– The much-anticipated 1-vs.-1 showdown between the Wild and Washington Capitals has taken a different narrative now that both teams enter their first of two meetings this season in the midst of their toughest stretches in months.

The Wild has lost four of its past six games. The Capitals have lost seven of their past 12 and four in a row in regulation for the first time almost 2½ years.

The Wild is in danger of losing its standing atop the Western Conference. The Capitals, too, have led the Eastern Conference since Jan. 15, but the Pittsburgh Penguins reached a tie in the standings in a 4-3 shootout loss Monday night.

What’s more, Alex Ovechkin, who has 10 goals in 10 career games against Minnesota, has gone a franchise-long 10 consecutive games without a goal and 18 games without an even-strength goal.

“He’ll get out of it one day. I just hope it’s not [Tuesday],” quipped Wild coach Bruce Boudreau.

The Capitals had a closed-door team meeting following their loss in Anaheim on Sunday night to end an 0-for-3 California swing. Meanwhile, Boudreau — who began his NHL coaching career guiding Ovechkin and one of his favorite players ever, Nicklas Backstrom, in Washington — scrapped Monday’s planned off-day and practiced his team instead at his old beloved Caps practice facility.

So, each desperate team could be ornery Tuesday night, which could make for an entertaining contest.

The Wild will be without center Martin Hanzal, who has the flu, for the final two games of the road trip, GM Chuck Fletcher said. The Wild planned to recall center Tyler Graovac.

Boudreau said practicing Monday was no punishment. With a snowstorm heading to Washington, he was worried Tuesday’s morning skate could be canceled, and with only two practices since the Wild’s bye in late February, he felt goalie Devan Dubnyk and his teammates needed reps.

In fact, after pulling Dubnyk, who allowed two goals on two shots the day before in Chicago, Boudreau had a “good talk” with the goalie Monday morning and admitted he may have gotten too wound up by facing a multiple-goal deficit for the fourth consecutive game against Chicago, and so quickly.

“And I appreciated that,” Dubnyk said. “I wasn’t upset with the decision at all. I felt fine. I’ve played enough games. I don’t get nervous or rattled. I know my job at that point is to try to make the next save and try to keep it at two, and I was ready to do that. But I completely understand in that situation at that part of the game that you need a spark, and I told him that after.”

Dubnyk has been shaky his past two starts, but Boudreau remains confident in the most consistent goalie he says he has ever had.

“He’s the guy we’re leaning on,” Boudreau said. “He’s our guy, and we’ll live and die with him.”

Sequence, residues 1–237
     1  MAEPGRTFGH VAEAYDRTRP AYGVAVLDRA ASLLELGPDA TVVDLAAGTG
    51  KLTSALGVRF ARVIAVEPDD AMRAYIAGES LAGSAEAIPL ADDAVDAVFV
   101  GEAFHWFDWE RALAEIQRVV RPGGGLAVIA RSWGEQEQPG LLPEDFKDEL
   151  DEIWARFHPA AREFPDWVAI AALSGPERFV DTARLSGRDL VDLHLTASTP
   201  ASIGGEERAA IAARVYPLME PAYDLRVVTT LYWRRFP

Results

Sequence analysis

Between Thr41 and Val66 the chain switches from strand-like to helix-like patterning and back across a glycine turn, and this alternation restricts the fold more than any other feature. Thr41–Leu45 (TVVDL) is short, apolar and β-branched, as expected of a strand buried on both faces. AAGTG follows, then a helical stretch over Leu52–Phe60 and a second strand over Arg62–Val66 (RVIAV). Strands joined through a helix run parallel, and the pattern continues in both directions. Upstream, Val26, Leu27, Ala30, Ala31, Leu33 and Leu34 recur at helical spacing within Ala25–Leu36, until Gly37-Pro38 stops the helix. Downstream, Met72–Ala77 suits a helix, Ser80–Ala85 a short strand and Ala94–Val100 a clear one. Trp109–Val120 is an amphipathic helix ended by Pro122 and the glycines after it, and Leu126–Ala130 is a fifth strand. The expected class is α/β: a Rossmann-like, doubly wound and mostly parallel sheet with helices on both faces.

The Capitals were 17-2-1 entering their mid-February “bye,” averaging 4.65 goals per game in that span. Since then, they’re 5-6-1 with 26 goals scored (2.12 per game). That’s remarkable considering this is a team that before its bye scored five or more goals for 10 consecutive home games. Before being swept on their California trek, the Capitals had their 15-game home winning streak snapped by the Dallas Stars.

Boudreau is surprised by the Capitals’ recent skid.

“They have no weaknesses. They’re a fabulous team,” said Boudreau, who won four division titles in Washington and won the Jack Adams Award as Coach of the Year in 2008. “They don’t have any missing parts.

“Their fourth line is [Jay] Beagle, [Daniel] Winnik and [Tom] Wilson. Wilson’s a first-round pick, it’s his fourth year, he’s really started to become a player and a force. I had Winnik, loved him as a player. Loved Beagle as a player. That’s your fourth line, all over 6-3 and they come at you.

“Is there a better offensive line than [T.J.] Oshie, Backstrom and Ovechkin? I don’t think so. [Evgeny] Kuznetsov is pretty good on the second line, too. All these guys I had when they were very young. I knew where their talents were, so you knew. They’ve done a great job keeping them together. Eventually they’re going to grow up and they’re going to win it all.”

And, after outplaying the Blackhawks, outshooting them 44-22 and giving up only seven scoring chances but losing, Boudreau badly wants the Wild to beat Washington.

“The whole goal is to show our team, to give them the confidence, quite frankly, that, ‘Look you can play with those guys. See what you’re doing,’ ” Boudreau said. “That’s why they felt so good after the [recent] San Jose win. I mean, San Jose had beaten everybody and all of a sudden we dominate them. The score was only 3-1, but we dominated those guys. You say, ‘See, you can play with these boys.’ That’s what it does.

“That’s how you build up a nest egg.”